Stonewall star Jeremy Irvine defends minorities' portrayal
War Horse actor Jeremy Irvine said he hoped to reassure people concerned about the portrayal of minorities in a new movie about the Stonewall riots as the film received its world premiere.
In Stonewall, Independence Day director Roland Emmerich leaves big budget disaster films behind to address the epidemic of homelessness among LGBTQ youth, set during the time of the protests against discrimination in Greenwich Village in New York in 1969.
The release of the film's trailer in August prompted criticism that it focused on a white, gay man, played by Irvine, rather than the Latino and black transgender protesters such as Sylvia Rivera and Marsha P. Johnson, both of whom became prominent LGBT activists after the riots
Addressing the controversy surrounding the film at its unveiling at the Toronto International Film Festival, British actor Irvine said: "I think anything that helps bring awareness is only a good thing. With this movie and with all the press, I've been hearing the name Marsha P. Johnson so much, and Silvia Rivera, which you wouldn't be hearing so much.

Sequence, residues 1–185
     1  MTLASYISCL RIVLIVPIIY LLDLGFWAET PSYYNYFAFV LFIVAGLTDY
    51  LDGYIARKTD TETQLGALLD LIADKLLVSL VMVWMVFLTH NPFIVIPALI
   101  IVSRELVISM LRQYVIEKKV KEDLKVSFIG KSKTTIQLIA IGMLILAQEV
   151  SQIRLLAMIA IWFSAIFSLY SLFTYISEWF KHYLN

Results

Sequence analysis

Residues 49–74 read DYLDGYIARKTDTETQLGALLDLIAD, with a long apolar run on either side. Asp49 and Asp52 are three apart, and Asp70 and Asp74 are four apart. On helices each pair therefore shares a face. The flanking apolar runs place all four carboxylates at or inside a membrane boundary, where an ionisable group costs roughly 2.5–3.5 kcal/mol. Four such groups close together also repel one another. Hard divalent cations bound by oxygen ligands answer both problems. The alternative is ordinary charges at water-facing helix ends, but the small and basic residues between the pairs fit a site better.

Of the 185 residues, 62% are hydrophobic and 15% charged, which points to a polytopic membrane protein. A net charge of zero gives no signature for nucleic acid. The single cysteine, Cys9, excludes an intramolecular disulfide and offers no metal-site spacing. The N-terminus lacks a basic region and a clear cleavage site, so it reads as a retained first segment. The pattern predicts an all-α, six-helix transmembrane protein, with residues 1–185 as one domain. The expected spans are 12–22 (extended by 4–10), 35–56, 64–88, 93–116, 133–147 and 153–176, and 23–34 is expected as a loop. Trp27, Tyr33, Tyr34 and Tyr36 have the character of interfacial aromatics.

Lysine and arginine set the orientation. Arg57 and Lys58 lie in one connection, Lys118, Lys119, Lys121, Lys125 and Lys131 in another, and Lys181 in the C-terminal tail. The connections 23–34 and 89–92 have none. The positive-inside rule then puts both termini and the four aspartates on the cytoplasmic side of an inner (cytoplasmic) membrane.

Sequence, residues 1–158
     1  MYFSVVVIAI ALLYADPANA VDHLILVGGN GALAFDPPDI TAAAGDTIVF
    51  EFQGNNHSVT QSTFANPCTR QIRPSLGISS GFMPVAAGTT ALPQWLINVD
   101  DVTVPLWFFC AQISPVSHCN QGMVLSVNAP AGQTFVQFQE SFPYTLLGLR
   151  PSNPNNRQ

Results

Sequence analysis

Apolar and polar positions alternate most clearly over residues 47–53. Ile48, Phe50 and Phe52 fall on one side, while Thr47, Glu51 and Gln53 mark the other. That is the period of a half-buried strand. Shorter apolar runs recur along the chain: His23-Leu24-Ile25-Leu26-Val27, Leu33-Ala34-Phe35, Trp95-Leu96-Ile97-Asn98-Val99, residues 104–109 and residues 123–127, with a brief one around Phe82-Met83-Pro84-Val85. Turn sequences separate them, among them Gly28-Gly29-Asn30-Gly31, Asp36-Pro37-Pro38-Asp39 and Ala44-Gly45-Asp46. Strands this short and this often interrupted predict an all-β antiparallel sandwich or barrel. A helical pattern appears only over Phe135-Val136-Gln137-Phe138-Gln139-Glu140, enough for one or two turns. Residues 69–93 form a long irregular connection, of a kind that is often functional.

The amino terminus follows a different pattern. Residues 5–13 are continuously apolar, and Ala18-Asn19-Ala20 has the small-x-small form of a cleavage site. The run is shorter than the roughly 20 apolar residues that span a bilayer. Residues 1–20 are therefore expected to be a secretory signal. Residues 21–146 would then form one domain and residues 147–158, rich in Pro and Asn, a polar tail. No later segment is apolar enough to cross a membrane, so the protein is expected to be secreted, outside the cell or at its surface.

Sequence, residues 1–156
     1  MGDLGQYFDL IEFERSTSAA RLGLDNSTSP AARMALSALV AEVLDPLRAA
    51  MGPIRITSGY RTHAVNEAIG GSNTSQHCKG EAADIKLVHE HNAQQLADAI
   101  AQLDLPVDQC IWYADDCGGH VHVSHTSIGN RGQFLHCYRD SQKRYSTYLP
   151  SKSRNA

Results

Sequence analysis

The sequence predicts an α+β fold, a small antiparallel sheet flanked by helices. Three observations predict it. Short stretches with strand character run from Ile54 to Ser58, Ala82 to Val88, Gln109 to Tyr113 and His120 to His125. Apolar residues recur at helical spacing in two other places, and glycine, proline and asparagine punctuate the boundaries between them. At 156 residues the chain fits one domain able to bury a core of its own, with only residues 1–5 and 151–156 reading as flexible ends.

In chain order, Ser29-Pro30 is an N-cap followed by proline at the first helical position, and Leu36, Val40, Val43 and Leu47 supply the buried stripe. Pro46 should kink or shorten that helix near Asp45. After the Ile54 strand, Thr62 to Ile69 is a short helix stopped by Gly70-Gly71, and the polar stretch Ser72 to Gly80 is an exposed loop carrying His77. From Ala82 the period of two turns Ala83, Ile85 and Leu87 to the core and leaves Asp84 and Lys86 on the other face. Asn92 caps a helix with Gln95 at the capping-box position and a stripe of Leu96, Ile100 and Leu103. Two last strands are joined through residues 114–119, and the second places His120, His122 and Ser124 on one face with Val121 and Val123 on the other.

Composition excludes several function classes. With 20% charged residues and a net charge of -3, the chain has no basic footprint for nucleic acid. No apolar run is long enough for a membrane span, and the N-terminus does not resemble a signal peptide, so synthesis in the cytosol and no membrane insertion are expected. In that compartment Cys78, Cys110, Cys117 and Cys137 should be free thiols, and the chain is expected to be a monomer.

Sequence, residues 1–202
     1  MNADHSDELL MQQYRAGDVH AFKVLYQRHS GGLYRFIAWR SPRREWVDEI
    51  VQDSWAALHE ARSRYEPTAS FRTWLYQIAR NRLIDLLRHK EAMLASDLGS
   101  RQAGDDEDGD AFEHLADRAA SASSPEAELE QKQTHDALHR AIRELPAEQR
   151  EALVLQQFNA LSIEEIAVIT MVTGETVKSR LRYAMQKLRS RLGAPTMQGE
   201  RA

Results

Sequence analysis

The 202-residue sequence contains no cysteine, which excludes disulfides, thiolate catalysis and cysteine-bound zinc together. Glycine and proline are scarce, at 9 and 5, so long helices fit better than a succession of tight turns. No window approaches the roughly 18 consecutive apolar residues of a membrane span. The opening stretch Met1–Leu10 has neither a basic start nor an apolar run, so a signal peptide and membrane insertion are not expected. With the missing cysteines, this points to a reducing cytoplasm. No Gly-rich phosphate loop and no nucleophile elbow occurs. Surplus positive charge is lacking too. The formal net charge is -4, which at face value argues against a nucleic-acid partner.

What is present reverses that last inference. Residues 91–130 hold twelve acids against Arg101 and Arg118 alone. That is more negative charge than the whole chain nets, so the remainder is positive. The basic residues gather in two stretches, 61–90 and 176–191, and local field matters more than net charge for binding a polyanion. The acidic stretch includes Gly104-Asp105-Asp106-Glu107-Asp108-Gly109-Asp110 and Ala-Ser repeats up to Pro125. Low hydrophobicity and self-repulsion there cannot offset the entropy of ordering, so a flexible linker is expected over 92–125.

"That is only a good thing and I'm really looking forward to all the people who had concerns about the movie seeing it and realising that we do represent them and Marsha P. Johnson is a part of it."
In the trailer for the film it looks like Irvine's fictional character is the one to throw the first brick that starts the riots. The perceived marginalising of the diverse trans activists who led the uprising prompted protesters to gather outside the premiere at Roy Thomson Hall in Toronto.
Irvine said: "It's a two-minute trailer, the support here is huge, I'm not in charge of film marketing, I think the trailer was misleading, My character does not start the Stonewall riots."
Emmerich, who attended the premiere with his boyfriend Omar de Soto, added: "People who protested the trailer, when have you ever seen that? When a trailer creates something like that? I totally understand where they are coming from, I think black transgender women are treated as badly as you can ever be treated, I understand their anger but I think they are to wrong to judge the movie based on the trailer."
The German director added that he was inspired to take on the story after he was encouraged by friends to seek out a more personal project after directing blockbusters Independence Day, 2012, The Day After Tomorrow and White House Down.